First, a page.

Breath and Bones is truly, shockingly bad. Nothing about it struck the right note, and much of it was nonsensical--for example, like any self-respecting romantic heroine, Famke is consumptive. Though she has TB from a very young age, an advanced enough case to vomit up blood quite frequently, she miraculously fails to infect her entire boat full of immigrants, anyone on Ellis Island, on successive trains, or in successive brothels. She has Hollywood TB, you see, where it simply makes you attractively weak and pale but isn't an infectious disease that ravaged half the world. Considering that Cokal's last novel, Mirabilis, concerned a miraculous, perpetually-lactating woman who never experienced nipple-chafe or back problems, I wonder if she has had any practical experience with human bodies at all. Even laying this, and the rest of the ridiculous plot, aside, the language of the novel was so simplistic as to give Potter and Co. a run for their broomsticks, replete with punishable clichés and punishing us with a grown woman's voice that sounds like a 13-year-old diarist bemoaning her True Love Lost. It falls prey to that most cloying of realist traps: the novel about someone Having Sex in Exotic Locales, or Exotic Sex in Repressive and Boring Locales, which sums up just about half of 20th century literature. Cokal does nothing to raise her above the throng.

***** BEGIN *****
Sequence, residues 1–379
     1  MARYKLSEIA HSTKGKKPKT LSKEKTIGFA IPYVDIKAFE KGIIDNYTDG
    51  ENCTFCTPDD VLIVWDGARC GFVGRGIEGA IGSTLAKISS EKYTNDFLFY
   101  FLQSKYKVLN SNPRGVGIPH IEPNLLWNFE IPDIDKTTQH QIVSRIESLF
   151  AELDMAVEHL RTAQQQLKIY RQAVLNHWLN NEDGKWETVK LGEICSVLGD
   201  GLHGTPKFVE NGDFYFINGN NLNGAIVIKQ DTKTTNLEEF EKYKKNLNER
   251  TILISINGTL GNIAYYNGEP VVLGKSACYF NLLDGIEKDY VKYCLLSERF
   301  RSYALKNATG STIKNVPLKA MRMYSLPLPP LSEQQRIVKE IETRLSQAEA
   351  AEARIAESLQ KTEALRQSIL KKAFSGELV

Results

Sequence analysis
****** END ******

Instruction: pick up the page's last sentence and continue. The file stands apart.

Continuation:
I recall Cokal instructing us on one of the few days I spent in her class before shuffling my schedule, telling us that writing isn't fun, it's work, and if we're having fun, we're not professionals. I didn't care for the sentiment then, but now I think she was right. Her writing isn't fun, it's work, and working through 350 pages of brain-clawing cliche and the faux-wise ruminations of the lovechild of Miss Hilton and Betty Boop was just too much for this reviewer to stomach.